An open connected subset of compact metric connected and locally connected space, is path connected

I need to prove:
If $X$ is compact, metric, connected and locally connected space, and $U$ is open connected subset of $X$, then $U$ is path connected.

Using the following:

a) If $X$ connected, and $F$ is open cover of $X$, then for every $a,b∈X$ exists an $n\in\mathbb{N}$ and open sets $U_1 ,...,U_n∈F$ such that $a∈U_1$ and $b∈U_n$ and $U_i \cap U_j \neq \emptyset \leftrightarrow |j-i|=1$.

b) Every compact metric connected space with more than one point, has at least two non-cut points.

c) If $X$ is a compact metric connected space with exactly two non-cut points, then $X$ is homeomorphic to $[0,1]$.

d) If $X$ is a compact metric connected and locally connected space and $a,b∈X$, then there is a closed connected subset of $X$, where its points, apart from $a$ and $b$, are cut points.

I proved a,b,c, but I have trouble to build the subset in d.
and I can't figure how the theorem follows from a,b,c,d.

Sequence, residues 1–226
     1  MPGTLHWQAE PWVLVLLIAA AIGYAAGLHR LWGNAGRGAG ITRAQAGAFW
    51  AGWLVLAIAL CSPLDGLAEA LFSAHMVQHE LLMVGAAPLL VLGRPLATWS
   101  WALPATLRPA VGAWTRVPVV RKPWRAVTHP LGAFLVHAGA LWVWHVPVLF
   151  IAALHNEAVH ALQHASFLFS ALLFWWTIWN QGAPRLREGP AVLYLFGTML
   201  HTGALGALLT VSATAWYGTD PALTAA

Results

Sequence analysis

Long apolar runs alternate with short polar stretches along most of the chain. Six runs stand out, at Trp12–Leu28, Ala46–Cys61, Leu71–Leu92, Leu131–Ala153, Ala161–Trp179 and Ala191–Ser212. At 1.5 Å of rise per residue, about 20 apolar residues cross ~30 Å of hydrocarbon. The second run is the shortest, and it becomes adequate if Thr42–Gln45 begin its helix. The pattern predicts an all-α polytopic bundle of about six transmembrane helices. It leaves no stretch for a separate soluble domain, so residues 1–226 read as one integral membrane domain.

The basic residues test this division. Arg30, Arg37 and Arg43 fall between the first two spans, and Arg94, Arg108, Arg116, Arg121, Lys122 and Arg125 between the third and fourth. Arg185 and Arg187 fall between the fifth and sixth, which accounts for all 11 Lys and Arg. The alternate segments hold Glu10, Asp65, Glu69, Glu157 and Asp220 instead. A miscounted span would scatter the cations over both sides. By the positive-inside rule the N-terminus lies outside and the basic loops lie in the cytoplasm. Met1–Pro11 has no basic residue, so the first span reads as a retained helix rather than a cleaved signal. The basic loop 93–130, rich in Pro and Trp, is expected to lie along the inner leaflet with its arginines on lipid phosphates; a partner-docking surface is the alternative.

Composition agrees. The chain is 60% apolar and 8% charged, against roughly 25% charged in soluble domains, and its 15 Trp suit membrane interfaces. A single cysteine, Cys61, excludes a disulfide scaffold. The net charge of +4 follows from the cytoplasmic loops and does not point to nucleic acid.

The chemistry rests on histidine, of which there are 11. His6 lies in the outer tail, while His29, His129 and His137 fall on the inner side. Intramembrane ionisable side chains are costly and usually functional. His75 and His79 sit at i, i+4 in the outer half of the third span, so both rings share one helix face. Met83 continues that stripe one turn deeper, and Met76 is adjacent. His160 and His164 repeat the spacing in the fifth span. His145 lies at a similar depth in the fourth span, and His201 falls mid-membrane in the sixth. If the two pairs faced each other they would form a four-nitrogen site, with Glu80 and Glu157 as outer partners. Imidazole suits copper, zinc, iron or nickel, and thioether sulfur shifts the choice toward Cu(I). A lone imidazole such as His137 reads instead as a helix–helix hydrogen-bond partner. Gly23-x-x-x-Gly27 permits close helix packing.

can anyone help me?

• Could you spell out what you mean by d)? As it stands, you could just take the empty set as all elements of the empty set are cut-points. – fuglede Oct 17 '14 at 12:01
• @fuglede But the empty set is not connected I think. – Marik S. Oct 17 '14 at 12:11
• @MarikS.: That's a matter of convention. Also, if $X$ itself has no cut-points, the claim is problematic. The importance of $a$ and $b$ is unclear to me as well. – fuglede Oct 17 '14 at 12:14
• a,b,c,d should help me prove the theorem. therefore I think the empty set (if it is connected or not) won't help. The points a,b may be non-cut points (if we want to use c to prove the theorem). – alex kur Oct 17 '14 at 12:21
• What is this question? You proved the Cut Point Non-Existence Theorem as part of a question? And as the next part, the Moore classification of the arc? Yeah right. If you have the fact that a Peano continuum is path-connected then (d) is totally trivial, and if you don't have that fact then you need to prove the Hahn-Mazurkiewicz Theorem among many other facts, which takes pages and pages to do. This is like some sort of 'fake news' of MSE posts haha – John Samples Oct 8 '17 at 3:13